Current practice on preoperative correct site surgical marking.
Frimley Park Hospital, Camberley, GU16 7UJ.Journal of perioperative practice 06/2010; 20(6):210-4.
Performing surgery at an incorrect site has devastating outcomes. The National Patient Safety agency and Royal College of Surgeons England have provided recommendations to promote correct site surgery with emphasis on surgical markings. There is little published data on surgical site marking practices amongst surgeons. A prospective audit on surgical site marking was performed on 500 surgical procedures: 204 inguinal hernias, 35 umbilical hernias, 48 varicose veins, 40 toenail removals, 123 excisions of skin lesions, 10 femoral artery procedures and 40 breast procedures. The results showed that 59% of markings were visible in theatre post sterile draping, 40.4% markings were not visible, and 0.6% (3/500) were not marked. Recommendations suggest the use of an arrow with an indelible marker pen. Our results show the use of an arrow in 64% of patients and this was the most common form of mark used. An appropriate marker pen was used on 88% of patients. There is no evident published data to compare our practice to that of other surgical units, however, to improve correct site surgery markings should be visible, recognisable and understood by all specialties and grades. A universal marking system to improve correct site surgery may be beneficial.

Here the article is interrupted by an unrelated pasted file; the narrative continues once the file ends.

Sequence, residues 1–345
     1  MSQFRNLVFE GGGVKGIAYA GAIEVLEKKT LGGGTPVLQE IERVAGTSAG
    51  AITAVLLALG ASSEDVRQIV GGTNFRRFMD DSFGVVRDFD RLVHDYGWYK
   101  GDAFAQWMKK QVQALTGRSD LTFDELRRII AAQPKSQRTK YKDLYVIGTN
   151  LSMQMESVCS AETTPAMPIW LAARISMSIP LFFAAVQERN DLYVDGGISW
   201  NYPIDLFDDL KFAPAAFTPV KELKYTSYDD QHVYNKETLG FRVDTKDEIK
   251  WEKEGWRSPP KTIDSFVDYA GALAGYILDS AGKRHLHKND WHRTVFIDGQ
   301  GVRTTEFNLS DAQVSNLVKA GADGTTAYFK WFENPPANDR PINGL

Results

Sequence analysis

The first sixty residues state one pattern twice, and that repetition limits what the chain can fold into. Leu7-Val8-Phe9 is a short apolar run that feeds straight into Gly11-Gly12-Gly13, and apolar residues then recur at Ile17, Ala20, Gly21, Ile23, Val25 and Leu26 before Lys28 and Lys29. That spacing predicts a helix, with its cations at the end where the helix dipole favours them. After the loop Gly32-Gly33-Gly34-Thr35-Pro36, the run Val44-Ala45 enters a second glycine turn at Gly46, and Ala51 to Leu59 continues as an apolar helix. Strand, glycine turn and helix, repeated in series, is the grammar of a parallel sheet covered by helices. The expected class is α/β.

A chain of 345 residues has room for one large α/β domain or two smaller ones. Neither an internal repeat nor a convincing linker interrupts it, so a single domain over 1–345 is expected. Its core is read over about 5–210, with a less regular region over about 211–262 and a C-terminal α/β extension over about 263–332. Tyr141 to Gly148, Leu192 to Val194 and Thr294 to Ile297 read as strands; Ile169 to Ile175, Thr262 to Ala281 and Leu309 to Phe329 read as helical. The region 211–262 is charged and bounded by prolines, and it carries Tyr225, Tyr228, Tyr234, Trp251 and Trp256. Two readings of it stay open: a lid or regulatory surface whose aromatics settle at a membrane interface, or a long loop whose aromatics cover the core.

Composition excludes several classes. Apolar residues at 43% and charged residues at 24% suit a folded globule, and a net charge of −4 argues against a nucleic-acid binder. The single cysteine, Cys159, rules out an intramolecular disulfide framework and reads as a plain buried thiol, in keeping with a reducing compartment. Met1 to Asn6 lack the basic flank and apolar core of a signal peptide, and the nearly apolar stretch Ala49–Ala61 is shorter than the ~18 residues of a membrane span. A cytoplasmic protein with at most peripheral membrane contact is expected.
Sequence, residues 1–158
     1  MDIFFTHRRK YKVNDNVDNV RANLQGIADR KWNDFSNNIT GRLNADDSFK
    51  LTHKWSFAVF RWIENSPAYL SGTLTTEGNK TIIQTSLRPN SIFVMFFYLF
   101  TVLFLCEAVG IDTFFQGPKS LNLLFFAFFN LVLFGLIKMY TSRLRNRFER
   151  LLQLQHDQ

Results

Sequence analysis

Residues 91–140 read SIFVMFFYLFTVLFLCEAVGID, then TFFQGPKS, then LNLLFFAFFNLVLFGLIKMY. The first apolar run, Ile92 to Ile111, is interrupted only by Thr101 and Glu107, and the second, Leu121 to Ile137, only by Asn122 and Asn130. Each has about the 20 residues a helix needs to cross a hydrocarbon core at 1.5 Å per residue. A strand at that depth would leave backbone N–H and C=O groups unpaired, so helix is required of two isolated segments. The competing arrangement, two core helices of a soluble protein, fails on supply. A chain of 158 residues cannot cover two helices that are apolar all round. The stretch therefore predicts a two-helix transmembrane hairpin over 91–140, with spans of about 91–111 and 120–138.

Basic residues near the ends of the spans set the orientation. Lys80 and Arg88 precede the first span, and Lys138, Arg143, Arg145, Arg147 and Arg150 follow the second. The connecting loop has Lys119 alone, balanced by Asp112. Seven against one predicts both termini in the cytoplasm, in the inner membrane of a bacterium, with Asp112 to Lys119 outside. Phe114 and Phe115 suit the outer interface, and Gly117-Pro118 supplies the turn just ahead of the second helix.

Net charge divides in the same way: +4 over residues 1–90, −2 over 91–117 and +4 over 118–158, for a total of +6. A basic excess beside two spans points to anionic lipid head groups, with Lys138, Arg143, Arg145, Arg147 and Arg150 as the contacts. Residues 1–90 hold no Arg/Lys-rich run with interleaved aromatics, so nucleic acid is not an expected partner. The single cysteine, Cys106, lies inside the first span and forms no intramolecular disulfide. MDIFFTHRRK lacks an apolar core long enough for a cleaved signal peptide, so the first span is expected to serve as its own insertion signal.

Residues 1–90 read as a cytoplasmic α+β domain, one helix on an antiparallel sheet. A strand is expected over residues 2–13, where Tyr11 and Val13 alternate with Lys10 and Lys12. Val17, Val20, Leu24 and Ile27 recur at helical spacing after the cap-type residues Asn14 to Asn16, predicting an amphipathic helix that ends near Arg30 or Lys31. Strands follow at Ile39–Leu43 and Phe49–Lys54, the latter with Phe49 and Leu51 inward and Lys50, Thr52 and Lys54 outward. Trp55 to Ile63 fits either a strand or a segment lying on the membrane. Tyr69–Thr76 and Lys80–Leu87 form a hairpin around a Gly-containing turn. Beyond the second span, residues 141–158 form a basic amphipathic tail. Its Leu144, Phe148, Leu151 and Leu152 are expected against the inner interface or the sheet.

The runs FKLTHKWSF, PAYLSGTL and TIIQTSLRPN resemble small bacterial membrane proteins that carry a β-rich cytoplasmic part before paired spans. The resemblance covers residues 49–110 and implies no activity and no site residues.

Article: Duplication of Surgical Site Marking[Show abstract] [Hide abstract]
ABSTRACT: Wrong-site surgery is a devastating complication, and its avoidance requires uncompromising vigilance. The Joint Commission on Accreditation of Healthcare Organizations has labeled wrong-site surgery as a sentinel event and requires marking the surgical site before initiating an operation. We present a case involving the duplication of a preprocedure mark. A complete review of the patient's medical record averted disaster, but the case emphasizes the need for constant attentiveness by all members of the procedural team.Journal of Patient Safety 08/2012; 8(4). DOI:10.1097/PTS.0b013e3182699a01 · 1.49 Impact Factor
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